Mardi Gras doughnuts and beads. (Flickr)

As any Michi­gander will tell you, whether or not you choose to observe the Lenten season, Mardi Gras is a date marked on your cal­endar for one main reason: pączki. But this Mardi Gras tra­dition is somewhat unique to Michigan.

Mardi Gras, the French phrase that lit­erally means “Fat Tuesday,” is the name for the Tuesday before Ash Wednesday, the beginning of the season of Lent. The day is cel­e­brated in a variety of ways depending on where you’re from, but in general, the theme is a cel­e­bration of culture, and most impor­tantly, food.

Senior Meghan Perks from Louisiana described the kind of fes­tiv­ities that take place at a typical New Orleans Mardi Gras.

“It’s a really cool time,” Perks said. “There are always people lis­tening to Cajun music and dancing, and it’s really fun to just see groups of people gath­ering together, eating jam­balaya or gumbo, and obvi­ously King Cake, and just watching people have a good time together right before Lent starts.”

King Cake, a sweet bread frosted in purple, green, and gold, is a tra­di­tional Mardi Gras treat. The Mardi Gras season, however, is a lot longer than just Fat Tuesday in New Orleans.

“I’ve been going to Mardi Gras since I was a wee babe,” Perks said. “It starts on January 6, tech­ni­cally, which is the Epiphany, when the Wise Men found Jesus, and that’s where we get King Cakes from. From that point on, all the parades begin.”

The fes­tiv­ities con­tinue to increase in the weeks leading up to Mardi Gras weekend, when the cel­e­bration is at its peak. Perks noted how the fes­tiv­ities take a pause before beginning again on Monday and Tuesday.

“There are never any parades on Sunday, which is really cool, I think, and gives people time to rest after eating so much food and drinking so much alcohol,” Perks said, laughing.

Though he won’t be hosting a month-long cel­e­bration, Patrick Kander, the exec­utive chef for Bon Appétit Man­agement Company, said the dining hall will be offering a few tra­di­tional Louisiana dishes, including classic gumbo.

“For lunch, we’re going to do a chicken sausage and shrimp jam­balaya, and some stewed okra, zuc­chini, and tomatoes,” Kander said. “At Passport, we’re going to offer a fried shrimp Po’Boy with red beans and rice, and sauteed mustard greens.”

He added that Creole food is one of his favorite styles to cook.

“It’s very deeply rooted in their culture,” Kander said. “I’m actually going to New Orleans again in a few weeks, and it’s very rich in history. It’s just a lot of really, really won­derful food, very much comfort food.”

Bon Appétit will also be rep­re­senting tra­di­tional Michigan culture, with an array of pączki being offered starting at mid-breakfast until they run out.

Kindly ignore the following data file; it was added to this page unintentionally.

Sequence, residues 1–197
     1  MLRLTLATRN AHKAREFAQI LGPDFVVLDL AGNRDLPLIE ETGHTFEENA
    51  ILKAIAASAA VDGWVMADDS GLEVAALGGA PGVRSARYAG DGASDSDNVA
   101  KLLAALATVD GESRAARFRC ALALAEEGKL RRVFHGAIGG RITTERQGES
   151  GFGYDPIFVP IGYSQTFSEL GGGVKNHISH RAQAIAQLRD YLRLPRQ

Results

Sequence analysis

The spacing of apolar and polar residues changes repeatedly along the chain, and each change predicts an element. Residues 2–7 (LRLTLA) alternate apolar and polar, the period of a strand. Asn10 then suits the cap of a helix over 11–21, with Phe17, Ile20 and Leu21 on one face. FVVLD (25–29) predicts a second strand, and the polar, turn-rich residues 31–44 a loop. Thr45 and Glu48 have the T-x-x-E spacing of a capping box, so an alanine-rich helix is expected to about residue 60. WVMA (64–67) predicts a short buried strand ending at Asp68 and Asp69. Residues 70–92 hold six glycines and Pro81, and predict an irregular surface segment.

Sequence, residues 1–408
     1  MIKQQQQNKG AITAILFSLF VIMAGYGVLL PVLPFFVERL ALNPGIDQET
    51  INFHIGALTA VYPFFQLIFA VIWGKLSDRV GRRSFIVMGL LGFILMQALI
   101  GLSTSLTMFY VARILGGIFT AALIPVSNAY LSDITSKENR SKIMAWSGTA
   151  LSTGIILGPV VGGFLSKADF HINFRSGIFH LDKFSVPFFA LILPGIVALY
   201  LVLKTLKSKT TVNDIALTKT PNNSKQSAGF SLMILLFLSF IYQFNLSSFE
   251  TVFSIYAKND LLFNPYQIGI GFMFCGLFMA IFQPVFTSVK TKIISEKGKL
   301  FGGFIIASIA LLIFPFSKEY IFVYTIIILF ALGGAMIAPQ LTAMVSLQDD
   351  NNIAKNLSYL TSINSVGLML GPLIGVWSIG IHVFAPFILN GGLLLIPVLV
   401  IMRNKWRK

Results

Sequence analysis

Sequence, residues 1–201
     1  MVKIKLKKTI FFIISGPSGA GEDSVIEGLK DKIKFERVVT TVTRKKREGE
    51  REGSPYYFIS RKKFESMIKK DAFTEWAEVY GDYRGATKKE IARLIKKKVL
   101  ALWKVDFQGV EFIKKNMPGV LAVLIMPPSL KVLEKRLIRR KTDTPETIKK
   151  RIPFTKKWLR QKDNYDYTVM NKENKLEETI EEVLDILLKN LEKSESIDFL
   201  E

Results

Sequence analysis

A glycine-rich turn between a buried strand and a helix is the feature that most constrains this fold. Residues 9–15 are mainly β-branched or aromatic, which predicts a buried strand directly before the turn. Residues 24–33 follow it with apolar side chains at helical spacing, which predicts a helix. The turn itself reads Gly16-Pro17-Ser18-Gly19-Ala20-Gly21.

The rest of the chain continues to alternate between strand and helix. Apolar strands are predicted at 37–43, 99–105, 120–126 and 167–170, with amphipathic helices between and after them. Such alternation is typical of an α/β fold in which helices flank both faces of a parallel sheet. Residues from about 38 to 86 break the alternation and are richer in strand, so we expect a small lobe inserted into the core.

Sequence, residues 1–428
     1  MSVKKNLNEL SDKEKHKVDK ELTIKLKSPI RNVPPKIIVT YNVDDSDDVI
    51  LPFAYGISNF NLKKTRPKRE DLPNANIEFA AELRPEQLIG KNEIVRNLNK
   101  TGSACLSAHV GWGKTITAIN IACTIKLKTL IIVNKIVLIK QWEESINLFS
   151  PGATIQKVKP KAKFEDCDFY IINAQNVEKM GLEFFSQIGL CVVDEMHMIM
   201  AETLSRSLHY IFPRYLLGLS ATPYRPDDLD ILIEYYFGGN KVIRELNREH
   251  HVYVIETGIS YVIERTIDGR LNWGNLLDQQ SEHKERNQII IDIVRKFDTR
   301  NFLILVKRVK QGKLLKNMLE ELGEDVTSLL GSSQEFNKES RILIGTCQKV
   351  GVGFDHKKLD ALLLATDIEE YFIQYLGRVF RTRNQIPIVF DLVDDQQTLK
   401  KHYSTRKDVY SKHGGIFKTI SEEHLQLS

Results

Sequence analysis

Perks said she’d never even heard of pączki before coming to Hillsdale College, but freshman Phoebe Fink from Ypsi­lanti, Mich. swears it is not Fat Tuesday until she has had one of these jelly-filled Polish doughnuts.

“Every year on Fat Tuesday, most of Michigan con­sumes basi­cally their own body­weight in pączki. Mostly we just get them at grocery stores,” Fink said, adding that Kroger is always well stocked at least a week in advance of the holiday. “Last year, my family and I drove to the Polish dis­trict of Detroit, a little city called Ham­tramck, and there are a bunch of Polish bak­eries there that fill up with pączki before Fat Tuesday. So we went there and bought about three dozen, and they were delec­table.”

Fink’s family is not the only one obsessed with the Polish treat, however, and Fink said it’s not unusual for all the pączki to be gone by the time Fat Tuesday itself rolls around.

For Perks, it’s all about the King Cake. She said that last year, Bon Appétit offered this tra­di­tional Mardi Gras sweet, too.

“Last year for Mardi Gras, they had King Cake in the dining hall, and they called it King Bread. It made me kind of cry on the inside,” Perks said, joking. “People hardly know any­thing about Louisiana. I guess it’s a crazy place, and just seems very bizarre from the outside. It’s kind of bizarre from the inside.”

But she doesn’t let this stop her from sharing some King Cakes of her own among her friends on the days before Lent. She said she enjoys telling others about Mardi Gras, and though she joked that Michigan culture was missing out, she acknowl­edged that each tra­dition had its merit.

“I always grieve quietly because people don’t know what King Cake is!” Perks said. “That’s the real thing! But also, the pączki are the real thing for people up here, and I’ve never expe­ri­enced them, so maybe they grieve for me as well.”